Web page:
Guidelines for clinical trial protocols for interventions involving artificial intelligence: the SPIRIT-AI extension

Samantha Cruz Rivera, Xiaoxuan Liu, An Wen Chan, Alastair K. Denniston*, Melanie J. Calvert, Hutan Ashrafian, Andrew L. Beam, Gary S. Collins, Ara Darzi, Jonathan J. Deeks, M. Khair ElZarrad, Cyrus Espinoza, Andre Esteva, Livia Faes, Lavinia Ferrante di Ruffano, John Fletcher, Robert Golub, Hugh Harvey, Charlotte Haug, Christopher HolmesAdrian Jonas, Pearse A. Keane, Christopher J. Kelly, Aaron Y. Lee, Cecilia S. Lee, Elaine Manna, James Matcham, Melissa McCradden, David Moher, Joao Monteiro, Cynthia Mulrow, Luke Oakden-Rayner, Dina Paltoo, Maria Beatrice Panico, Gary Price, Samuel Rowley, Richard Savage, Rupa Sarkar, Sebastian J. Vollmer, Christopher Yau

*Corresponding author for this work

Research output: Contribution to journalReview articlepeer-review

135 Scopus citations


The SPIRIT 2013 statement aims to improve the completeness of clinical trial protocol reporting by providing evidence-based recommendations for the minimum set of items to be addressed. This guidance has been instrumental in promoting transparent evaluation of new interventions. More recently, there has been a growing recognition that interventions involving artificial intelligence (AI) need to undergo rigorous, prospective evaluation to demonstrate their impact on health outcomes. The SPIRIT-AI (Standard Protocol Items: Recommendations for Interventional Trials-Artificial Intelligence) extension is a new reporting guideline for clinical trial protocols evaluating interventions with an AI component. It was developed in parallel with its companion statement for trial reports: CONSORT-AI (Consolidated Standards of Reporting Trials-Artificial Intelligence). Both guidelines were developed through a staged consensus process involving literature review and expert consultation to generate 26 candidate items, which were consulted upon by an international multi-stakeholder group in a two-stage Delphi survey (103 stakeholders), agreed upon in a consensus meeting (31 stakeholders) and refined through a checklist pilot (34 participants). The SPIRIT-AI extension includes 15 new items that were considered sufficiently important for clinical trial protocols of AI interventions. These new items should be routinely reported in addition to the core SPIRIT 2013 items. SPIRIT-AI recommends that investigators provide clear descriptions of the AI intervention, including instructions and skills required for use, the setting in which the AI intervention will be integrated, considerations for the handling of input and output data, the human–AI interaction and analysis of error cases. SPIRIT-AI will help promote transparency and completeness for clinical trial protocols for AI interventions. Its use will assist editors and peer reviewers, as well as the general readership, to understand, interpret, and critically appraise the design and risk of bias for a planned clinical trial.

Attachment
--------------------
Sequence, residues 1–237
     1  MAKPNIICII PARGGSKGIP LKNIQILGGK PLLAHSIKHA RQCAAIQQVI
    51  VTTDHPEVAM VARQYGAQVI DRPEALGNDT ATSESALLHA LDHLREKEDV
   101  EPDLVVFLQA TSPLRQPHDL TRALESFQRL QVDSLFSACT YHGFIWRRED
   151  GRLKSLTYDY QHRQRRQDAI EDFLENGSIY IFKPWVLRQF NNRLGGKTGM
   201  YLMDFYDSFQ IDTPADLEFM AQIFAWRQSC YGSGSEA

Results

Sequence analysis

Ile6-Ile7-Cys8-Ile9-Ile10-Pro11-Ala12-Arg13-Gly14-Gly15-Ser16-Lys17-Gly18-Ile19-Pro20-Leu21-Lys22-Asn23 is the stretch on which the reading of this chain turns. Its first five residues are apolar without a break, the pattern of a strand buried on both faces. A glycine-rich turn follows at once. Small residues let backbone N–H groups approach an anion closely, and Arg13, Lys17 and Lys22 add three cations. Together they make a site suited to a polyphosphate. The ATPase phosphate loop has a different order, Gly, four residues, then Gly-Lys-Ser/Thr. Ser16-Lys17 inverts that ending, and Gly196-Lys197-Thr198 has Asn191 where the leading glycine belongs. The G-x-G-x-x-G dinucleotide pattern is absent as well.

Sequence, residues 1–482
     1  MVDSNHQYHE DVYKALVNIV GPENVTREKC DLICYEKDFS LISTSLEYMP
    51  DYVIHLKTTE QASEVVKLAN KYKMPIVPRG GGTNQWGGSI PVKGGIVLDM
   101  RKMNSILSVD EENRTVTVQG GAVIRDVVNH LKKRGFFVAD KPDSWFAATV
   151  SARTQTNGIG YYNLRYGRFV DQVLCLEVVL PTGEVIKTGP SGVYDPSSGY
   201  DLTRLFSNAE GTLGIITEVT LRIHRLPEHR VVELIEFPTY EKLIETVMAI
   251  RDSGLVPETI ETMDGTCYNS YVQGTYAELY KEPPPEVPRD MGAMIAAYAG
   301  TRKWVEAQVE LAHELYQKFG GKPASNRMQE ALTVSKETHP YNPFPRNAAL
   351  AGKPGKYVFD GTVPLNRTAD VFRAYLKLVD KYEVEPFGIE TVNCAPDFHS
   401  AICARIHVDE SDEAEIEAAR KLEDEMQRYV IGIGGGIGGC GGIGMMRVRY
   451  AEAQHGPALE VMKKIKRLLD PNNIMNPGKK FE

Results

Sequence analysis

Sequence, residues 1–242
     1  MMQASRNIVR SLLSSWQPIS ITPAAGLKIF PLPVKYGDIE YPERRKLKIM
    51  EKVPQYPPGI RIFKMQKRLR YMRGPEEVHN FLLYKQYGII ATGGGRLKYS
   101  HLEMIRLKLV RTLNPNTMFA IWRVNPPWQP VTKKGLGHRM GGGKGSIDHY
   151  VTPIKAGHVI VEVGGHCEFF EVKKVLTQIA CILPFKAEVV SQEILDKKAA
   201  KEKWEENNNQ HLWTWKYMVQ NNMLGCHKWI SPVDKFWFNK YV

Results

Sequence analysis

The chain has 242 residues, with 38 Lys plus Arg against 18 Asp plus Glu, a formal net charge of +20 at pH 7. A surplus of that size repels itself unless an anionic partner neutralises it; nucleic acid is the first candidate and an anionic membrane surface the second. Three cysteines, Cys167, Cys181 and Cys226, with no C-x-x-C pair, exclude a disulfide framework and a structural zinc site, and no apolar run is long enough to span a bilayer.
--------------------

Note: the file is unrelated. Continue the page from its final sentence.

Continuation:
Original languageEnglish (US)
Pages (from-to)e549-e560
JournalThe Lancet Digital Health
Issue number10
StatePublished - Oct 2020

ASJC Scopus subject areas

  • Decision Sciences (miscellaneous)
  • Health Information Management
  • Health Informatics
  • Medicine (miscellaneous)


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